By Jordan Stovka

Contrasting the cool rain that drizzled across campus Friday night, the Maryland Food Collective was filled with warmth, support and the spicy aroma of incense.

The Co-Op hosted a mental wellness-themed open mic, encouraging musicians and artists of all kinds to share stories, poetry, music and art in front of a group of supportive individuals, providing an outlet for mental health awareness.

The evening featured Lola, a golden retriever therapy dog owned by sophomore studio art major Camila Tapia-Guilliams, who helped organize the event as part of her Art Scholars Capstone project.

“I’m very passionate about the arts, about animals and about therapeutic resources, and I feel like the current system is really unequipped to deal with anyone with mental health problems,” Tapia-Guilliams said. “Animals are just so great. [Lola] has helped me so much personally, and I know she has helped plenty of other people.”

Lola brought smiles to plenty of faces those in attendance throughout the night, while performers shared their works behind the microphone.

One performer, Will Cook, 19 and a student at Montgomery College’s Takoma campus, played a song on guitar while also describing his personal battle with mental illness. Cook was diagnosed with clinical anxiety and depression two and a half years ago, and then was later diagnosed with Obsessive Compulsive Disorder. Cook credits mental health as being a “very prevalent part” of his life.

From Cook’s experience, he believes there is a societal stigma that often discourages those struggling with mental illness to seek treatment. Cook explained that he initially rejected the idea of taking medication himself, believing that it would add an unnecessary seriousness to his condition.

“When I first was diagnosed, I didn’t want to go on medication because for me, that would make it serious, and I figured that if I downplayed it enough, it would have the same effects,” he said. “So yes, stigma is a huge part of it. I don’t bring it up to most of my good friends because they tend to look at me a different way.”

Cook took the microphone for a second time after his musical performance. He chose to emphasize the importance of supportive communities and described the positive influence that spaces like the Co-Op and The Void have made on him in his journey.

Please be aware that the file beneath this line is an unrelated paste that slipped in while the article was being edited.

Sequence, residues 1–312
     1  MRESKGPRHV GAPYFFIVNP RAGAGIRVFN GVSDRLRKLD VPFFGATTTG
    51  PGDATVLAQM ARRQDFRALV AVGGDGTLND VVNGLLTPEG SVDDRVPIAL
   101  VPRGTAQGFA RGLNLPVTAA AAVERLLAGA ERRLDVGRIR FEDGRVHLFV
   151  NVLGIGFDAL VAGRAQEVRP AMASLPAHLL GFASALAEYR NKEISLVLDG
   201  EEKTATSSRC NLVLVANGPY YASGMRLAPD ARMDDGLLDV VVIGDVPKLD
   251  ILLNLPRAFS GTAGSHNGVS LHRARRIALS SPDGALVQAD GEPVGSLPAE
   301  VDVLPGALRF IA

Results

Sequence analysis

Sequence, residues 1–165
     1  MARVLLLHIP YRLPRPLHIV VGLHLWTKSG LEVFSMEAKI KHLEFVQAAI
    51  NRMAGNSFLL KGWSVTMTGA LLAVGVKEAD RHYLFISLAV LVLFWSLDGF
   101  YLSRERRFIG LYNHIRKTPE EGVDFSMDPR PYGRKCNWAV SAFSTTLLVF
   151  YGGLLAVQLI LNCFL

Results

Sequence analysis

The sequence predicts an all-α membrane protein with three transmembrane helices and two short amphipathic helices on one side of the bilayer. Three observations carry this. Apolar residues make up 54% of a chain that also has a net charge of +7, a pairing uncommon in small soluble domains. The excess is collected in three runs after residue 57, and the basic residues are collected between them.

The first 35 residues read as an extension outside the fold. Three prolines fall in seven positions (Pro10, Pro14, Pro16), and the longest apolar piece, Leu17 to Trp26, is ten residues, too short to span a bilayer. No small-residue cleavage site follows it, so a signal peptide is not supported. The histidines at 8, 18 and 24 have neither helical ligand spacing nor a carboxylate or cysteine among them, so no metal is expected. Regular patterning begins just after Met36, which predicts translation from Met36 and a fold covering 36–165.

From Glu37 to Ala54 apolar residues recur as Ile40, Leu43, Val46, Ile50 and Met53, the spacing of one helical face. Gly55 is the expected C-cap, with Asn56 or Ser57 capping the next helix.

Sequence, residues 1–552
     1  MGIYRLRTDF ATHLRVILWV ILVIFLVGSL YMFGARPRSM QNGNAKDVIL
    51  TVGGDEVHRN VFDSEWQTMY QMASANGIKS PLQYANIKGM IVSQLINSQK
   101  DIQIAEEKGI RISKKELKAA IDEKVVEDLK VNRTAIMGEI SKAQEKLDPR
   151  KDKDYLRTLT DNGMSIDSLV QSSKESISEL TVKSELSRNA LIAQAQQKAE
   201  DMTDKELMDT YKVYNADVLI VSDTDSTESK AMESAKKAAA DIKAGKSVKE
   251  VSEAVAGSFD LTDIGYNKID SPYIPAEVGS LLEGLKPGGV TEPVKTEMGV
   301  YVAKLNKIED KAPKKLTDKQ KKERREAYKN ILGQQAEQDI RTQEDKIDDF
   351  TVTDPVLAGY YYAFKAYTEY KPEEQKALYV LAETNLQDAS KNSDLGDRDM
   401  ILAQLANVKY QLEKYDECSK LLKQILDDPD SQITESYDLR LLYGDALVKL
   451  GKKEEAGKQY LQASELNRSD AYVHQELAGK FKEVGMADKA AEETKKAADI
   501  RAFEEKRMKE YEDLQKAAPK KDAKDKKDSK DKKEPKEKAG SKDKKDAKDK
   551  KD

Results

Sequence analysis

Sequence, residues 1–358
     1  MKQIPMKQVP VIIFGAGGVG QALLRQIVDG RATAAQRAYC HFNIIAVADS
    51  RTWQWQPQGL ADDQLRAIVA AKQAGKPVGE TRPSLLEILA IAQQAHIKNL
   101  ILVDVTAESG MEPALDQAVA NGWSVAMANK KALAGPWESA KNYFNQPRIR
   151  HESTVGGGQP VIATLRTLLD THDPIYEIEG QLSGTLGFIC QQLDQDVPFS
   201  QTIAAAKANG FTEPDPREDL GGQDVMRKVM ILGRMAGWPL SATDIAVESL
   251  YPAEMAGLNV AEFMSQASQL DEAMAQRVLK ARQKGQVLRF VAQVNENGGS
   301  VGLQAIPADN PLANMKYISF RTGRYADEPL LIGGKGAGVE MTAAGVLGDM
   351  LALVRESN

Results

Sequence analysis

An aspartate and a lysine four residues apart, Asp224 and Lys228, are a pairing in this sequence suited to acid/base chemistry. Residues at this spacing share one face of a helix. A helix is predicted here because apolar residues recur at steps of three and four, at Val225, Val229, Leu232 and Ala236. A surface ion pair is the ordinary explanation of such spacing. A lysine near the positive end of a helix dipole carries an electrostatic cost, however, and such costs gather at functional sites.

“They have a no tolerance policy for any sort of hate speech or negative behavior that is unjust. It’s a very safe place,” he said. “There’s a lot of people that are going through very similar things and using very similar coping methods, so it’s almost a great extended group therapy in a sense.”

Freshman letters and sciences major Jaclyn Troutner was initially interested in the open mic for the opportunity to share creatively in a welcoming space, but more so was passionate about its focus on mental health, a topic she said affects her everyday.

Troutner performed a poem and a song, feeling most inspired to offer support to others in the audience who could be going through similar trials. She also wanted to remind them that they are not alone in what they’re facing.

“When people have mental health problems, it can become very isolating, so even if no one in the room is going through exactly what you’re going through, you gain something from sharing,” she said. “You gain the validation, but also just knowing that you’re connecting with other humans.”

In fact, this instillment of community was the main goal Tapia-Guilliams had in mind for the event.

“I really hope it makes people feel less alone and more willing to talk to other people and express what they’re feeling, and not be scared to reach out in times of need,” she said.

The university Counseling Center is located in the Shoemaker building, and is open Monday through Thursday 8:30 a.m. to 9 p.m. and Friday 8:30 a.m. to 4:30 p.m. Call (301) 314-7651 to schedule an appointment or inquire about services.

Featured Photo Credit: Lola the golden retriever provided therapy and smiles to attendees of the Maryland Food Collective’s mental health-themed open mic night held Friday, March 31, 2017 (Jordan Stovka/Bloc Reporter).

Jordan Stovka is a sophomore journalism major and can be reached at

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